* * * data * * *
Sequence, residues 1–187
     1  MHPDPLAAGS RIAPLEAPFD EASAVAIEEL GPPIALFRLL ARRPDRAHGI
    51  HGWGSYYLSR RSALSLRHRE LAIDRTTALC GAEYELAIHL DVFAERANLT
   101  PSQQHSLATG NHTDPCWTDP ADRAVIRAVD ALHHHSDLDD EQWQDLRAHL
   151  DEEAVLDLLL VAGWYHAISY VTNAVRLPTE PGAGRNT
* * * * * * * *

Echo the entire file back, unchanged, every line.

Sequence, residues 1–187
     1  MHPDPLAAGS RIAPLEAPFD EASAVAIEEL GPPIALFRLL ARRPDRAHGI
    51  HGWGSYYLSR RSALSLRHRE LAIDRTTALC GAEYELAIHL DVFAERANLT
   101  PSQQHSLATG NHTDPCWTDP ADRAVIRAVD ALHHHSDLDD EQWQDLRAHL
   151  DEEAVLDLLL VAGWYHAISY VTNAVRLPTE PGAGRNT